The Hurricanes will look to extend their penalty kill streak to 10 games on Thursday. Carolina last allowed a power play goal on Dec. 7 in Winnipeg and has killed off 29 straight penalties — seven shy of the franchise record.
Here’s more on the penalty kill:
“Running around like chickens with their heads cut off doesn’t really do it.”
The Hurricanes penalty kill remains among the NHL’s best, a regularity since Rod Brind’Amour took over at coach.
A closer look at Carolina’s PK.https://t.co/9rRGpllWsw
— Cory Lavalette (@corylav) January 12, 2022
Goalie Jack LaFontaine, signed Sunday by Carolina, will dress as the backup Thursday.
It’s been a wild ride to the NHL for LaFontaine, who was drafted in the third round in the summer of 2016 by the Hurricanes before heading to Michigan to play for the Wolverines.
After two tough seasons there, LaFontaine went to the BCHL’s Penticon Vees before returning to the NCAA with Minnesota.
He thrived with the Golden Gophers and was college hockey’s top goalie last season with a 22-7 record, .934 save percentage, 1.79 goals-against average and five shutouts. With Carolina’s goaltending depth ravaged by injuries, the Hurricanes made a successful push to sign LaFontaine last week in the middle of his final collegiate season.
It had been a while since we’ve talked with LaFontaine in person — COVID has wiped out developmental camps the past two years, and as a college player he was not allowed to attend training camps because it would cost him his eligibility — but it’s clear the 24-year-old has grown and matured.
“He’s older. He’s not a young kid coming out of college,” Brind’Amour said Wednesday. “He’s been around, honed his craft, and I’m actually excited to see what he’s all about.”
LaFontaine alluded to having a “holistic” approach to life and hockey.
“That’s goaltending in a nutshell, right?” LaFontaine said Wednesday. “It’s between the ears. Everyone’s got their own phrase, their own motto, slogan, whatever you want to call it, and everyone needs to play at a specific intensity number. Everyone’s different, right? So for me, it’s all about being a little bit more calm and having a controlled intensity.”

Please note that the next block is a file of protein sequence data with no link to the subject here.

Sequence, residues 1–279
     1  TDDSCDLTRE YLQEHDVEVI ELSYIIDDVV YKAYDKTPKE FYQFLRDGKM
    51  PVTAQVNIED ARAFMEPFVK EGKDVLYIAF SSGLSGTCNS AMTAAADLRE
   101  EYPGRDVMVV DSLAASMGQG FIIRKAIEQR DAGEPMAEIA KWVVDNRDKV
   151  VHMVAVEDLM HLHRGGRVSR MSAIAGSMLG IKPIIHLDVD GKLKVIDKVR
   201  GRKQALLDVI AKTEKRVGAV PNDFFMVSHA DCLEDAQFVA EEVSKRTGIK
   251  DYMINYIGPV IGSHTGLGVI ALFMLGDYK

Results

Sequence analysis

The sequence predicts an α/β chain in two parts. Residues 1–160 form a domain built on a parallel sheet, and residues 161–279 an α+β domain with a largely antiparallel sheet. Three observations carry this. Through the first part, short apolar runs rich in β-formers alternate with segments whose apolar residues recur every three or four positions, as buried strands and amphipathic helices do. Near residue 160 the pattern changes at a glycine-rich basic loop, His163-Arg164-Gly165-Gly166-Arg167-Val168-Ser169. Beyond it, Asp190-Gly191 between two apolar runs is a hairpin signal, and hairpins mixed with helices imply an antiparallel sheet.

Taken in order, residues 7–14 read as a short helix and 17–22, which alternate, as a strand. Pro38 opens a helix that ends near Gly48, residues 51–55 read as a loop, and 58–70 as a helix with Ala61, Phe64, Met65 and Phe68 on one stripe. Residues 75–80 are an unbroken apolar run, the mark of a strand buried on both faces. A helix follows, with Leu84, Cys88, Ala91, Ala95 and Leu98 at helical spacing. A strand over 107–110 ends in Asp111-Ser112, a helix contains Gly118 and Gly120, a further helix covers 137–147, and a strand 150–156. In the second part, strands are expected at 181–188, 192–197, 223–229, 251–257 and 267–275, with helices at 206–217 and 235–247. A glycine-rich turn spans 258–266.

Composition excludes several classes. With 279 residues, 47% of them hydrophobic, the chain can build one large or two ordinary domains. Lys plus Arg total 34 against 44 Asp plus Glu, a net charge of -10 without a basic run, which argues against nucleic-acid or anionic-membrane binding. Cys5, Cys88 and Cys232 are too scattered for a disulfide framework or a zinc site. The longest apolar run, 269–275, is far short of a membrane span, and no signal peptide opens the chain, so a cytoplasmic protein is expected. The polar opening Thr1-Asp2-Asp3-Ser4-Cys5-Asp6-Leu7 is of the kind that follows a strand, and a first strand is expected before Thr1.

It’s not a new way of thinking for LaFontaine.
“I really started to take a serious approach probably my sophomore year (2017-18) of college at Michigan,” LaFontaine said. “It’s something I’m never gonna have 100% knowledge in. I’m always learning every day — life, goaltending, whatever it may be.
“And for me, it’s always being open-minded and taking information from everyone. I mean, there’s no such thing as bad information.”
He was still sporting his University of Minnesota gear at the last two practices, and according to the team-provided game notes, he will wear No. 80. That will make him just the 19th player in NHL history to wear the number, nine of which wear goalies.
One of those goalies was the only other Hurricanes player to wear No. 80 — Kevin Weekes, who was nicknamed Shady 80 during his playing career.
Coincidentally, Weekes will be on hand Thursday because ESPN is broadcasting the game, with Weekes on the call as an analyst.
Speaking of TV, Bally Sports will not broadcast Thursday’s game but the team will still have its own radio call. Play-by-play man Mike Maniscalco will miss it — along with at least Saturday’s home game against Vancouver — after he tested positive for COVID-19 on Wednesday. Shane Willis will step in to fill the void, with normal color analyst Tripp Tracy taking on an expanded role.